Spatial analyses of vector -borne disease risk for allocation of disease prevention and control resources
Vector-borne diseases are major threats to human health and well-being, inflicting enormous health and economic burden around the world. Meeting the challenge of emerging and resurging vector-borne diseases is a difficult undertaking as vaccines are limited, and future vaccine prospects are slow in coming. This underscores the importance of appropriately applied vector control and disease prevention efforts to decrease morbidity and mortality caused by vector-borne diseases. The objective of this dissertation was, therefore, to investigate spatially and temporally-explicit methods to enhance targeting of vector control and disease prevention efforts. Three diseases were investigated: West Nile virus disease in Colorado, USA; human plague in the West Nile region of Uganda; and dengue in Merida, Mexico. Various methods were explored to present spatial information representing risk of vector-borne diseases.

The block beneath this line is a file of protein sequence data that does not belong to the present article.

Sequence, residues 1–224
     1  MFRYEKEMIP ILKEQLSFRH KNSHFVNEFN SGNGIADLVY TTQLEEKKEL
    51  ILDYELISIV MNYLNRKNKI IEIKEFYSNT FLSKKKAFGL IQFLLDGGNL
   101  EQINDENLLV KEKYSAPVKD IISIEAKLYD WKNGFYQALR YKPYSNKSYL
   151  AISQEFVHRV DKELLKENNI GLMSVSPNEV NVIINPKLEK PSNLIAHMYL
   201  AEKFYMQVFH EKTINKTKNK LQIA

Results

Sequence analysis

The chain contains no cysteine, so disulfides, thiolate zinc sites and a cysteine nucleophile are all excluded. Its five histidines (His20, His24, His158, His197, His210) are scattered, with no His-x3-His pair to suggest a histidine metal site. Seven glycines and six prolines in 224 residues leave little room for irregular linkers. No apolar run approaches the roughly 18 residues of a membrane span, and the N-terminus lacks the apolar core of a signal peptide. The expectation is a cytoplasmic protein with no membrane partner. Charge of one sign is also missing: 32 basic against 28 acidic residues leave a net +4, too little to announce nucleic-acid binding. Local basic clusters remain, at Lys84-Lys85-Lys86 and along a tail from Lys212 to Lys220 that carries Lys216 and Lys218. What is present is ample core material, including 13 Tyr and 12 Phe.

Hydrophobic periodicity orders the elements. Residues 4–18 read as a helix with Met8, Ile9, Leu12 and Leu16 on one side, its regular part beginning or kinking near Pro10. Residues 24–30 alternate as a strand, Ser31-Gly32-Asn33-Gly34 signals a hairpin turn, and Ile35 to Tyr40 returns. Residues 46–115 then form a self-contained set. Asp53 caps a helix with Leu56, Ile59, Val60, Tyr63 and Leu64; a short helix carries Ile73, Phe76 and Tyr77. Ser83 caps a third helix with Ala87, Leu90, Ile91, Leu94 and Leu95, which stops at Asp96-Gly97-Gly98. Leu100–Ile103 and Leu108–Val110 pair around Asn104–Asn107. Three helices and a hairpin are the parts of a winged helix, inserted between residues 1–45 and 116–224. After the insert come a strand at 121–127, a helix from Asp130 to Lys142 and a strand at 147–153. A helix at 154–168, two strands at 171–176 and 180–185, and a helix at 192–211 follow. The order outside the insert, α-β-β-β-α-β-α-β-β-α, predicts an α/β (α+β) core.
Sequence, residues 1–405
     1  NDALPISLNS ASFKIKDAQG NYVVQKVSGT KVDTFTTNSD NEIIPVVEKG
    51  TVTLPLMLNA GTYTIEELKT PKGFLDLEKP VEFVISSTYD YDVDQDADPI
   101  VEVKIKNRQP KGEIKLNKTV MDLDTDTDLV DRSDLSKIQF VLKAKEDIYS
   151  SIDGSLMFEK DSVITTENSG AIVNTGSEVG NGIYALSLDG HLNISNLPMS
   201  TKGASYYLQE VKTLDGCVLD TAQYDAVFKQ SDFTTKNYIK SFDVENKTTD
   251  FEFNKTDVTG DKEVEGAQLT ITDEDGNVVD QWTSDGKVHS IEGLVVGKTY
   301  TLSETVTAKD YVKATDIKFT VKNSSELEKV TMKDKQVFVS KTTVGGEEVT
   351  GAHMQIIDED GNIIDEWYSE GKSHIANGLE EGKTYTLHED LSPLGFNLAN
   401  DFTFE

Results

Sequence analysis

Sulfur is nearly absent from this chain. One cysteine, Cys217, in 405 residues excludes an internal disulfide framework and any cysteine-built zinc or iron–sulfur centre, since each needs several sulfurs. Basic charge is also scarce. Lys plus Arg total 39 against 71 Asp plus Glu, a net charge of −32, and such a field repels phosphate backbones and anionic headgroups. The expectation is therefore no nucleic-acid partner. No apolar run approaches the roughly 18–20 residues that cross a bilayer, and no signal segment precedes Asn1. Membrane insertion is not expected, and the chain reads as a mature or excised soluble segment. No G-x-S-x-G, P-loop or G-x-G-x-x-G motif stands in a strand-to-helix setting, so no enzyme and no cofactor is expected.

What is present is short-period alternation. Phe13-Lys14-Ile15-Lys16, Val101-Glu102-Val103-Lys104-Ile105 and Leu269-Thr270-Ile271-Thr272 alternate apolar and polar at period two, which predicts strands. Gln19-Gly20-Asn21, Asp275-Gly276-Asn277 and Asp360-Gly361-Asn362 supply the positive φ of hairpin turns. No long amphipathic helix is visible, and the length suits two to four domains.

Spatial models were developed indicating the risk of human exposure to WNV in the state of Colorado; and Yersinia pestis, the causative agent of plague, in Uganda. The resulting models provided robust validations indicating that the spatial risk maps contained useful information for disease prevention and control efforts. The final chapter expanded from spatially-explicit methods to also account for the temporal aspect of disease outbreaks or epidemics. This chapter describes the evaluation of the feasibility of an early detection system to identify outbreaks in a timely fashion in Merida, Mexico. The early detection system has the potential to provide Merida public health authorities with a resource to clearly recognize when the current dengue burden is exceeding historical norms and may be applicable and useful in other dengue endemic areas. The chapters composing this dissertation describe the application of cross-cutting methods used to determine spatial risk in different vector-borne disease systems. Furthermore, the methods used are applicable to the current public health situation where new vector-borne diseases are emerging and “old” diseases are resurging, further underscoring the importance of targeting limited public health resources.
Health risk assessment;